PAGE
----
May 21, 2020 – DiversyFund Craig Cecilio and Stealth War General Robert Spalding

May 21, 2020 – DiversyFund Craig Cecilio and Stealth War General Robert Spalding

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Craig Cecilio – CEO & Co-Founder of DiversyFund, Inc.

We use technology to accumulate small amounts from a lot of
people, putting low amounts of 
money together. We aggregate
that so its the same amount of capital as large investors. 

Craig Cecilio, CEO and Co-Founder of DiversyFund, is on a mission to disrupt traditional alternative asset investing and empower the average investor by giving them the same wealth-building opportunities available to the 1%. Prior to founding DiversyFund, Craig worked over 20 years raising and managing over $500 Million in assets. As he watched the rich get richer, he wondered how he could include the everyday investor into these opportunities. Founded in 2014, DiversyFund is a crowdfunding platform that gives average investors access to institutional quality real estate investments from anywhere via their smartphone. DiversyFund isn’t the first crowdfunding platform for real estate investment, but it is the first to offer no-fee, fully-vetted real estate investments. The team’s extensive experience in real estate combined with their expertise in asset management, consulting, investment banking, and technology is revolutionizing the real estate industry by making the investment process simple and streamlined. Today, investors can easily start investing in a variety of real estate opportunities with as little as $5,000 via DiversyFund’s crowdfunding platform.

Brig. Gen. Robert Spalding – Special Assistant to the U.S. Air Force Vice Chief of Staff and Author of Stealth War – Read interview highlights here

We should not send our retirement funds to invest in Chinese
stocks and bonds because they are not required to have
audit and 

Dr. Spalding is an Olmsted Scholar, Special Assistant to the U.S. Air Force Vice Chief of Staff, a Life Member of the Council on Foreign Relations, a Senior Fellow at the Hudson Institute, Washington, D.C., and a Senior Associate Fellow at the Henry Jackson Society, London. Spalding has served in senior positions of strategy and diplomacy within the Defense and State Departments for more than 26 years, and is an accomplished innovator in government and a national security policy strategist. He was the chief architect for the Trump Administration’s widely praised National Security Strategy (NSS), and the Senior Director for Strategy to the President at the National Security Council. Dr. Spalding has written extensively on national security matters. His book, Stealth War: How China Took Over While America’s Elite Sleptreveals China’s motives and secret attacks on the West while chronicling how elite leaders have failed to protect us over recent decades. His work has been published in The Washington Post, The Washington Times, Foreign Affairs, War on the Rocks, FedTech Magazine, Defense One, The Diplomat, and other sites and edited volumes.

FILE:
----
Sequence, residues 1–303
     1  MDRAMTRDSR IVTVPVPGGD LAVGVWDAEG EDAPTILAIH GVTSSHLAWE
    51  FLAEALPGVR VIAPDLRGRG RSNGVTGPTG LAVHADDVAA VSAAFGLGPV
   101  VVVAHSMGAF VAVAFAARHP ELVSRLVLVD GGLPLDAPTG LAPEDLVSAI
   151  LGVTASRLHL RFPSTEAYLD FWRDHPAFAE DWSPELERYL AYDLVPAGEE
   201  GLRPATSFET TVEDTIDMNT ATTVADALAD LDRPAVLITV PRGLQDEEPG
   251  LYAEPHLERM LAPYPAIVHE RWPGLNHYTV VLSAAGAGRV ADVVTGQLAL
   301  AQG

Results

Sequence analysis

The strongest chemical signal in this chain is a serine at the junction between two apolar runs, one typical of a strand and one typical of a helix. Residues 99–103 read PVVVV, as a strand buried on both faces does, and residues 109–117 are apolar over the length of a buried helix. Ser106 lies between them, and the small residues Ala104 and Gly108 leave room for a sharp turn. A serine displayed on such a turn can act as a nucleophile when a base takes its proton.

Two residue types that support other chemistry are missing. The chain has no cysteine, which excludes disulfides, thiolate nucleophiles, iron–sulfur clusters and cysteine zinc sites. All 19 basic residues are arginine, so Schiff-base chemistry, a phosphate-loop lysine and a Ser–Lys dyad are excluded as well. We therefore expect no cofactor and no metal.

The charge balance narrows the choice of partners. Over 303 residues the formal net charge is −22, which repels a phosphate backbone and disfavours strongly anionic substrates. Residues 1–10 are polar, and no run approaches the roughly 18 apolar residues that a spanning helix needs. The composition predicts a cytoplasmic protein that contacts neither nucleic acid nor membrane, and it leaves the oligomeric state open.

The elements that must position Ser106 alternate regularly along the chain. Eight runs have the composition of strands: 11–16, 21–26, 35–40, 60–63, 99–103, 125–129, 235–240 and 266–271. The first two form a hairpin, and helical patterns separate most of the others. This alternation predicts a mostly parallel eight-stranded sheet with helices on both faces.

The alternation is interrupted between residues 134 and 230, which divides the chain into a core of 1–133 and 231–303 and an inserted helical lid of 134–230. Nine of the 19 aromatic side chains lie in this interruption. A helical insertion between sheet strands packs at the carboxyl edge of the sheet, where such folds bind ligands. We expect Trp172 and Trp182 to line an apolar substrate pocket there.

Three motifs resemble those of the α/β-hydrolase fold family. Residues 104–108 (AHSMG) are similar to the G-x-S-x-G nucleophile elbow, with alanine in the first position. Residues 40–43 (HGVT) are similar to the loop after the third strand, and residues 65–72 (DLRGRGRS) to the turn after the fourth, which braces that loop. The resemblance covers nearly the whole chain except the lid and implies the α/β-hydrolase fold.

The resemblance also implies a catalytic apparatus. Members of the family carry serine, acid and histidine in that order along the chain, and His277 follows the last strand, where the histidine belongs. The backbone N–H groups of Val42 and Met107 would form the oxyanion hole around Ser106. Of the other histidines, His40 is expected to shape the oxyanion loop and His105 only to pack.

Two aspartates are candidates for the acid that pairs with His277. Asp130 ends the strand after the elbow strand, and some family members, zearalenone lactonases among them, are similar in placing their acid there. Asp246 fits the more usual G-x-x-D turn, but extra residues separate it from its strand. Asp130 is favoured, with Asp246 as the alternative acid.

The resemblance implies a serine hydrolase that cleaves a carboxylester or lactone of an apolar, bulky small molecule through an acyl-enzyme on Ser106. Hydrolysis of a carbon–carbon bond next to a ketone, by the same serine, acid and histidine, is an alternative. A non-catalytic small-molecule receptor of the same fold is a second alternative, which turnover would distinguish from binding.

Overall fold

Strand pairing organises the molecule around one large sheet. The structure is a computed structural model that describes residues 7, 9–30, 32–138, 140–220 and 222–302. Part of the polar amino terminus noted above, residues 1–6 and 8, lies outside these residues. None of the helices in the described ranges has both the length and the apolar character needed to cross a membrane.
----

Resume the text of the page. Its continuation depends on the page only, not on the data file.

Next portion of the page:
Highlights from Robert’s Interview

With all the things going on in the world right now, it’s a scary time. Certainly, our relationship with China is up in the air and I think that’s what I talk about in the book. We are losing; we have lost a lot and we’re losing more. So we lost most of our factories after China under the WTO, millions of jobs. We’ve lost the ability to provide medicines for our people, masks, some PPE for our frontline responders. We’ve lost the components for our military. We’re losing the war of ideas and international order in institutions like the UN and World Health Organizations. We’re losing in terms of our influence around the world because of this incredible, powerful Chinese Communist Party, who use economics and finance and everything else to undermine and suppress democratic principles and essentially erode the democratic order.

So we’ve been in a couple of decade decline because we haven’t been fighting back in the way that the Chinese Communist Party goes to war. It’s really about using globalization and the Internet to undermine and erode us and our allies and partners. It used to be that we could take those $2 gidget widgets from Walmart and when we were done with them, throw them away, and then the empty cargo containers that were going back to China, we would put our recyclables and trash. Of course, they decided a couple years ago to no longer start taking that. So now the trash is just starting to pile up here in the United States. Our focus on consumerism over the health and welfare of our society, the fact that we had people that were in jobs for decades and had healthcare and retirement benefits, that they no longer have and instead they’re driving for Uber or maybe renting out a room to Airbnb as part of this gig economy. That’s what we’ve lost, we’ve lost the ability to provide for ourselves, but also the dignity of work.